The illustrator at work, end of the 19th century.
The orginal text. Spot the difference…
In considering the development of modern art one cannot fail to be impressed with the considerable part contributed by the men and women who draw for illustration. With the advent of process engraving the way was opened for many artists who heretofore had been hampered by the requirements of drawing on the wood block and in monochrome.
In the past often looked on only as a means of immediate livelihood, and not taken altogether seriously, artists have realized that in these days of multiplying magazines, illustration may offer a pretty wide field for the employment of their talents and call for a technical equipment of the first class.
Nowhere in the world are magazines so abundantly illustrated and so well printed as in America. Our public is a reading one and has learned to appreciate the added interest that attaches to reading accompanied by illustrations. The young artist just out of the schools, whose equipment includes the capacity to draw the figure well and fair idea of composition, will find little difficulty in securing opportunities to show what he can do. The Art Editors are constantly searching out new talents and the ambitious student need have no fear of not being at least carefully considered. The rewards of the successful illustrator are considerable, and he does not have to wait for the casual buyer, nor does his art involve the creating of something out of nothing. I mean by this that the illustrator’s subject is chosen for him, or at least the motive, and he puts it into form as his mind and artistic conceptions may dictate. Illustrations must help tell a story- that is their purpose, but there is very wide latitude afforded the artist by the better magazines and in many instances the illustration had quite the value of an original painting. Owing to modern improvements in photography and the increasing use of colour, illustrators may now draw in practically any medium they prefer. Many of the illustrations to-day are really finished color drawings in oil, water-colour, pastel, etc.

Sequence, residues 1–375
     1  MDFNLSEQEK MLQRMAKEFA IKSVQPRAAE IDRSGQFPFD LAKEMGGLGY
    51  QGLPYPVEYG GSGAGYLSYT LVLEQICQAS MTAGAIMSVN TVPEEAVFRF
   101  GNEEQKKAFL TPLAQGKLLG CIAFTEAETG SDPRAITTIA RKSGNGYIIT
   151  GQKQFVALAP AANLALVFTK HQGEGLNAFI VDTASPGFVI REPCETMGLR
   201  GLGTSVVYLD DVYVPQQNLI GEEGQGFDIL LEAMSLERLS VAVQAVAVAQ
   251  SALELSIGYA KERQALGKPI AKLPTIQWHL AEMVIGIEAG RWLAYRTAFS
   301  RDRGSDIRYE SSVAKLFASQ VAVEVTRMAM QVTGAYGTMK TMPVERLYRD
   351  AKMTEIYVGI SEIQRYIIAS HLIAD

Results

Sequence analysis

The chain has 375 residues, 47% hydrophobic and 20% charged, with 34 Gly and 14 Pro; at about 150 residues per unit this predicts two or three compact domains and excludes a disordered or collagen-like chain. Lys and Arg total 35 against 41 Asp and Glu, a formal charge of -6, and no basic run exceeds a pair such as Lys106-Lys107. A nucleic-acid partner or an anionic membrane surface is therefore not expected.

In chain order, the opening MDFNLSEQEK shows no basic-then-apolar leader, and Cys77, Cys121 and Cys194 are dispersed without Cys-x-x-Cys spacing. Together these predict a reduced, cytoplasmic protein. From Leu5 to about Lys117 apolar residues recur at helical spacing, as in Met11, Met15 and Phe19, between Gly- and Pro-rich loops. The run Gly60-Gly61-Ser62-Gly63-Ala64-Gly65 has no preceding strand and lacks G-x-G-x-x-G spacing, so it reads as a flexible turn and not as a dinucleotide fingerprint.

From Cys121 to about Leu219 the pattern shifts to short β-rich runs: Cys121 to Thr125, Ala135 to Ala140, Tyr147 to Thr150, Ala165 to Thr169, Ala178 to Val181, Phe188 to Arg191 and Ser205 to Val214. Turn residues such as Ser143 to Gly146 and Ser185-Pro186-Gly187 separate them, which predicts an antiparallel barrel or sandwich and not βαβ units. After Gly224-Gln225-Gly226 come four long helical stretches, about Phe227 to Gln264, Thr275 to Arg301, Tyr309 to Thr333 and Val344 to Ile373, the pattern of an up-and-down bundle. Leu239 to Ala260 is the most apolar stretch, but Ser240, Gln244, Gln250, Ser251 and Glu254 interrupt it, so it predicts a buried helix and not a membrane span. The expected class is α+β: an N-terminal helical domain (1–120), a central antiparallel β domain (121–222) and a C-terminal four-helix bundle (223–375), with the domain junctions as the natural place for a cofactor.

Time spent by the young illustrator in learning something of the effects produced by current reproductive methods is well spent, for he is then in a position to accent or alter his work to provide for the effect he wishes to retain. The illustrator to-day is the painter to-morrow, in many instances, and the student of art will find, if he searches the records with a seeing eye, that many of the greatest painters of the past are the illustrators of a sublimated sort. I am only pointing out the fact that we sometimes overlook, that the art of illustration need not be in any sense a trivial and unworthy art. Our magazines are helping us on the way toward a better appreciation of all art.
James B Carrington
From: The Collector and The Art Critic,
Vol 3, No. 4 (April 1905) p.52